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  1. #1
    corpusse's Avatar
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    Default collimating SCT is it as easy as it sounds?



    I've been moving my OTA around a lot the last few days trying to get perfect balance. I think the collimation may be a bit off. I've been reading how to collimate an SCT and it seems pretty straight forward.

    Should I be able to do this without any tools other then a screwdriver? Vega should be a good star to start with. Any tips / suggestions.

    thanks
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  2. #2
    dmbryan's Avatar
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    Default

    This is a good read on SCT collimation
    name: Derek

    Various
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  4. #3
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    Default

    Thanks Derek.
    This is a great link.
    Declan.
    Celestron 8"Edge HD SCT.

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    Default

    No problem. Cheers.
    name: Derek

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    Default

    Yes Corpusse - collimating a SCT is pretty easy - and that link from Derek looks to be a VERY good resource.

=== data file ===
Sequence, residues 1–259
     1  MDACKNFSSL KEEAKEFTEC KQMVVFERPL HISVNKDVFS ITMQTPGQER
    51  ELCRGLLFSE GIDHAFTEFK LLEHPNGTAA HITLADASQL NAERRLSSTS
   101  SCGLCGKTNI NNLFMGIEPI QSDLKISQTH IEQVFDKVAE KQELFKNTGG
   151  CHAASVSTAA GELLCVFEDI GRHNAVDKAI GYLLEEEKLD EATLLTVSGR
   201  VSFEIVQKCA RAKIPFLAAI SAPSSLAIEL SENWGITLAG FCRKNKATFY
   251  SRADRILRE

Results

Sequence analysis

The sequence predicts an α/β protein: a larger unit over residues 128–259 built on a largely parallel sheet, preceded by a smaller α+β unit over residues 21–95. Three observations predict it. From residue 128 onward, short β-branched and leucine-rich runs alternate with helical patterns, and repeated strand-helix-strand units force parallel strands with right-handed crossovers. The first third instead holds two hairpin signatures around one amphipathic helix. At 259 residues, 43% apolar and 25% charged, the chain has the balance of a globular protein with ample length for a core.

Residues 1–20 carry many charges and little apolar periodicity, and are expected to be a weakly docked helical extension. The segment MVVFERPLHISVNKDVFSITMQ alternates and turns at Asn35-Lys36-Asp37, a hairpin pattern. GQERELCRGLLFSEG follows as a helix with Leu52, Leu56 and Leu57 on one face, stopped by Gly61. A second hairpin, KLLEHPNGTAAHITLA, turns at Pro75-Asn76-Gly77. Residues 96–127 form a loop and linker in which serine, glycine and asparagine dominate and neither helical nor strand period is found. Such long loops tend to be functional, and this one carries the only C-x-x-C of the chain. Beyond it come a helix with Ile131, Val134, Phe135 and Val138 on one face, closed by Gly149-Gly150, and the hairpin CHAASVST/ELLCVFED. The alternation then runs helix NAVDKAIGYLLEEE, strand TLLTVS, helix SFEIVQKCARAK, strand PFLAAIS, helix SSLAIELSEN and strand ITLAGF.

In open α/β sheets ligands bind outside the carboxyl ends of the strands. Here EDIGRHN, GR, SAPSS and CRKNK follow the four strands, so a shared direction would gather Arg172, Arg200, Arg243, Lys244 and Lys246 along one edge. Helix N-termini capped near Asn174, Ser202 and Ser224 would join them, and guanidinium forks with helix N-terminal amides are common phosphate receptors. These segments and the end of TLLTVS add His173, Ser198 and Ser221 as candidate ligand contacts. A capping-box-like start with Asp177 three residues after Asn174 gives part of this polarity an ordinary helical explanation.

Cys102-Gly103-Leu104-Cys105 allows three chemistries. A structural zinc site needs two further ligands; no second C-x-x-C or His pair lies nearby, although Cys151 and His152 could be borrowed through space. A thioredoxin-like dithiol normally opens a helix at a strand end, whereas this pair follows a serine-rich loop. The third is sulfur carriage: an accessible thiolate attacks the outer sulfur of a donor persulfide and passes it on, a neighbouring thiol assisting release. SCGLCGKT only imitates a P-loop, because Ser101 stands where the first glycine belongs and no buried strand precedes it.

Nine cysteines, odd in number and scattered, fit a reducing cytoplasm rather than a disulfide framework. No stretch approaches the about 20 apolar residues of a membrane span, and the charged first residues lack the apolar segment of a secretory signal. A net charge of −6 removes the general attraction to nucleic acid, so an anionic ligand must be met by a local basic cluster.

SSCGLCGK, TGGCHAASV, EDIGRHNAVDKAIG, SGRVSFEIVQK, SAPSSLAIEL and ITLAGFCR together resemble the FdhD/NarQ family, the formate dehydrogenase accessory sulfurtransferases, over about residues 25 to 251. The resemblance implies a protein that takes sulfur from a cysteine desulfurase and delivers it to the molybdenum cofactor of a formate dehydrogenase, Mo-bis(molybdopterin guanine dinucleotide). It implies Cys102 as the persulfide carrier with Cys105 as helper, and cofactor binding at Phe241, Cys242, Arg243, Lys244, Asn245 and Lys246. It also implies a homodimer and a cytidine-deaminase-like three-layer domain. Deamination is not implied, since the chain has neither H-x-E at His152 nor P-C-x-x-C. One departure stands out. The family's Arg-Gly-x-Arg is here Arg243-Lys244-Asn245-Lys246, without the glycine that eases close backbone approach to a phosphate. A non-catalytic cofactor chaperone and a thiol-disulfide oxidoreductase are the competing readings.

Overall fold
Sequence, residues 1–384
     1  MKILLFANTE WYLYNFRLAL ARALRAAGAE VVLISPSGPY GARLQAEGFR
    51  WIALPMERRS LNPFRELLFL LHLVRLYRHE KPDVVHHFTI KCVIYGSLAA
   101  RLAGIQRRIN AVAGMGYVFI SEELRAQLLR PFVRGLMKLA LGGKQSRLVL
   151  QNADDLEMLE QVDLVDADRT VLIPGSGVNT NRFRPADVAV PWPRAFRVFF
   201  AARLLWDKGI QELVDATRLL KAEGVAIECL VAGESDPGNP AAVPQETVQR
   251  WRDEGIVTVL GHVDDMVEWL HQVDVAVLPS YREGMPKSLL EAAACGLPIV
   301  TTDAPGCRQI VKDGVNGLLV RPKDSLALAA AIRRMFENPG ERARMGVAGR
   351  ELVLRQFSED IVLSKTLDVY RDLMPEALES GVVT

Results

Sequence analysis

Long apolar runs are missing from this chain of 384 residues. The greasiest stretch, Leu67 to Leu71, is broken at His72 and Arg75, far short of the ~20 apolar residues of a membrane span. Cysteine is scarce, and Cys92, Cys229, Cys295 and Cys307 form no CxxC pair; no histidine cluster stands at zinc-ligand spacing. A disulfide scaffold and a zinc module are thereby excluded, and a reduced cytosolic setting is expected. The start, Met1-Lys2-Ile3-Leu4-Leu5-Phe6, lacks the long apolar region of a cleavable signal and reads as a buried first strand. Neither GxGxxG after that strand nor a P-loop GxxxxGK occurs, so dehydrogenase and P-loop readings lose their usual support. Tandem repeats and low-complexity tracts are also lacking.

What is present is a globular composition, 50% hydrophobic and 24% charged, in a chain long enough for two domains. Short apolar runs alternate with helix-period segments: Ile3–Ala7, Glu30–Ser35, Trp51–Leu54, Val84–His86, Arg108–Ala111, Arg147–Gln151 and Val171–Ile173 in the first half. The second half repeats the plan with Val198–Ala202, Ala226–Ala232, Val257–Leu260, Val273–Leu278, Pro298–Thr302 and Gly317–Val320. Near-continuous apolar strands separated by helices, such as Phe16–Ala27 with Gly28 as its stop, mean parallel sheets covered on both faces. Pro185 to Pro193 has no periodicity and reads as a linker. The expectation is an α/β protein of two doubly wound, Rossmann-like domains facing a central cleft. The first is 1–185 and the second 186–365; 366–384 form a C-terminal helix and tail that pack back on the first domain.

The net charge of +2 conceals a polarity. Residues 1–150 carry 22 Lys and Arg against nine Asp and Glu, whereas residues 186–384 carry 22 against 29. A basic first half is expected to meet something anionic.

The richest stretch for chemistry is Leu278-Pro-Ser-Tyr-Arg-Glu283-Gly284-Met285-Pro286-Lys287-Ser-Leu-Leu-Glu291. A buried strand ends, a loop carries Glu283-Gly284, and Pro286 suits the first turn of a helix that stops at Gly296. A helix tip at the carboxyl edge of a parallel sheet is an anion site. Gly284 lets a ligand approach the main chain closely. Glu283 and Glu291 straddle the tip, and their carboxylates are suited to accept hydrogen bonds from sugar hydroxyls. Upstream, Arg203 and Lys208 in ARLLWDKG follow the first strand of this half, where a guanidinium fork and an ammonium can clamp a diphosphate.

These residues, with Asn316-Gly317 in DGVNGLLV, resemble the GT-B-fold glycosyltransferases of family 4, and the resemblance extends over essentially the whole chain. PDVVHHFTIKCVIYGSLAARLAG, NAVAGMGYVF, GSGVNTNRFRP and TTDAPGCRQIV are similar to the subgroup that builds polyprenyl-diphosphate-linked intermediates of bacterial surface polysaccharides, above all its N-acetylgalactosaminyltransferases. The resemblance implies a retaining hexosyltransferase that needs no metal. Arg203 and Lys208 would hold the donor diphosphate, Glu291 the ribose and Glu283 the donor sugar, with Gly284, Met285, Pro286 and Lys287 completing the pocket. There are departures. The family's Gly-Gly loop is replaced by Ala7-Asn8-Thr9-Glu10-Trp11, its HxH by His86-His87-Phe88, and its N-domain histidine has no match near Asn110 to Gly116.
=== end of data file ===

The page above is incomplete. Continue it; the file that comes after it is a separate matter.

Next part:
One thing though - If you don't have an artificial star, use Polaris rather than Vega.
    Reason being that Polaris remains almost stationary for long periods of time, whereas Vega will show significant sidereal movement over the time you are collimating - especially at the high magnifications required for the job.


    Also...
    If you intend to keep the scope for a long time, and can foresee yourself collimating it in the future - I can recommend 'Bobs-Knobs'
    http://www.bobsknobs.com/
    Available from most good astro-kit dealers (sorry but I can't recommend specific US dealers - I only know the UK market well)

    They replace the original collimating screws, and have heads which you can turn by hand - No need for tools, they make collimating MUCH more convenient.

    Here's the front of my C8 SCT, with 'Bob's Knobs' fitted to the secondary mirror.

    Last edited by Carlos_dfc; 06-30-2010 at 07:12 PM.
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  8. #6
    corpusse's Avatar
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    Default

    well it seems to have worked out. I'm not sure if its perfect but the stars look better and I was able to catch the great red spot this morning on jupiter.
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